Jonathan R Thompson, MD1, Vikrom K Dhar, MD1, Dennis J Hanseman, PhD2, Brad M Watkins, MD1, Tayyab S Diwan, MD1, Thomas Inge, MD, PhD3, John M Morton, MD, MPH4. 1University of Cincinnati College of Medicine, 2SET Data Collaborative, 3Children’s Hospital Colorado and University of Colorado, Denver, 4Stanford School of Medicine
Introduction: Anatomic imperfections in the sleeve gastrectomy pouch have been implicated in increased gastroesophageal reflux disease (GERD) and food intolerance following LSG. Anatomy-based sleeve gastrectomy (ABS) has been developed to improve the shape, volume and anatomic consistency of the laparoscopic sleeve gastrectomy (LSG) pouch. We report our one-year results using an ABS technique.
Methods: A quality improvement data collaborative was initiated with custom fields added to the Metabolic and Bariatric Surgery Accreditation and Quality Improvement Program (MBSAQIP) database. Determination of “not human subjects research” was obtained from our IRB. ABS was implemented beginning in 6/2016. ABS consists of planning a sleeve gastrectomy pouch by marking the stomach 1cm from the gastroesophageal junction, 3cm from the IA, and 6cm from the pylorus. The marks are lined up beside a 25cm clamp and a 60mm endocutter is used to resect the stomach. 641 ABS cases were compared to 737 cases where a 40F suction bougie was used for pouch creation (1/2014-5/2016). No programmatic changes were made during this time. 30-day safety, 6-month and 1-year GERD and weight loss outcomes were compared. Students t test and Chi square tests were used as appropriate.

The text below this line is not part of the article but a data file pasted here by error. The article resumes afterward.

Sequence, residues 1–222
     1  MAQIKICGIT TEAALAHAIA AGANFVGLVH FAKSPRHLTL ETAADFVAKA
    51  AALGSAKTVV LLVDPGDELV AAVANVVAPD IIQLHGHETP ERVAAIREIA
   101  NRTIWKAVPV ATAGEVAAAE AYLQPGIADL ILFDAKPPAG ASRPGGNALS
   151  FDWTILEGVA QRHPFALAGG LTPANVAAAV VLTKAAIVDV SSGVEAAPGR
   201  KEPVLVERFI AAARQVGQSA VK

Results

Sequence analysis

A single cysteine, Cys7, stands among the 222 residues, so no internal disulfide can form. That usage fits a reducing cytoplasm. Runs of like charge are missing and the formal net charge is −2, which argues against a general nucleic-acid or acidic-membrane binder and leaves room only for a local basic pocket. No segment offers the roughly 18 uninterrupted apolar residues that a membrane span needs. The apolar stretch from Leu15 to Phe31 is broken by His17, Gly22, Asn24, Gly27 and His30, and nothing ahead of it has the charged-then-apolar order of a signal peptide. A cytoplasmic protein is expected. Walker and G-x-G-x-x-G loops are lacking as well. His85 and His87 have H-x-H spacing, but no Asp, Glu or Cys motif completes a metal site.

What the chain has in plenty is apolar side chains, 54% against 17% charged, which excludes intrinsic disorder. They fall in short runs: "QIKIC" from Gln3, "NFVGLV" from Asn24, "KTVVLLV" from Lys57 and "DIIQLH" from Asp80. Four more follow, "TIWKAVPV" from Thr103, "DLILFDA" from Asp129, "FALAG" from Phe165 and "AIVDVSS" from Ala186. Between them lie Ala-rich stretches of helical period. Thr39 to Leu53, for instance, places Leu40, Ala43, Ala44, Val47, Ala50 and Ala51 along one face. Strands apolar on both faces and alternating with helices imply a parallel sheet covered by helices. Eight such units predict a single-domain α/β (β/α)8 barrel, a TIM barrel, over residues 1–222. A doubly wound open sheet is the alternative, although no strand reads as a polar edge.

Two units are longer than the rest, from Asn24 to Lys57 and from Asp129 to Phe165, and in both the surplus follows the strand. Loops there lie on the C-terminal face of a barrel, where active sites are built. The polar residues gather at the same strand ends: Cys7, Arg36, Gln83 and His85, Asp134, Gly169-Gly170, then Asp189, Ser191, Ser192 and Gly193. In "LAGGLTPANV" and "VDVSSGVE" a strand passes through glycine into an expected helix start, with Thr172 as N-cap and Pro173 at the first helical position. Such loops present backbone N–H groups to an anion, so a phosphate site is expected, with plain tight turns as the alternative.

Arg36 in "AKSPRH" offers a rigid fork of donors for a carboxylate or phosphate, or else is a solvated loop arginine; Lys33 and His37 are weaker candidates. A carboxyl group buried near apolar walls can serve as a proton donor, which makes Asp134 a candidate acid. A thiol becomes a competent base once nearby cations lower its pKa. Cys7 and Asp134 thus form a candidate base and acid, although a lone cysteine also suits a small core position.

Results: No significant differences in gender, preoperative BMI, or operative time were identified between groups (all p > 0.05). Average age was 45 in the bougie group and 43.5 in ABS (p = 0.02). ABS was associated with shorter length of stay (1.2 vs 1.7, p <0.01), 42% fewer readmissions (3.3% vs 5.7%, p = 0.03), 61% fewer readmissions due to nausea/vomiting (1.1% vs 2.9%, p = 0.02). ABS patients had a 48% lower 6-month GERD rate (21% vs 40%, p < 0.01), 86% higher 6-month GERD resolution rate (54% vs 29%, p <0.01), 49% lower 1-year GERD rate (20% vs 39%, p < 0.01), 106% higher 1-year GERD resolution rate (72% vs 35%, p < 0.01). Both groups had similar 1-year % total weight loss (26.3% vs 27.3%, p = 0.41).
Conclusion: Anatomy-based sleeve gastrectomy offers benefits over sleeve gastrectomy with suction bougie with regard to 30-day safety and dramatic improvement of GERD rates at 6 months and 1 year.
Presented at the SAGES 2017 Annual Meeting in Houston, TX.
Abstract ID: 93516
Program Number: P119
Presentation Session: Poster Session (Non CME)
Presentation Type: Poster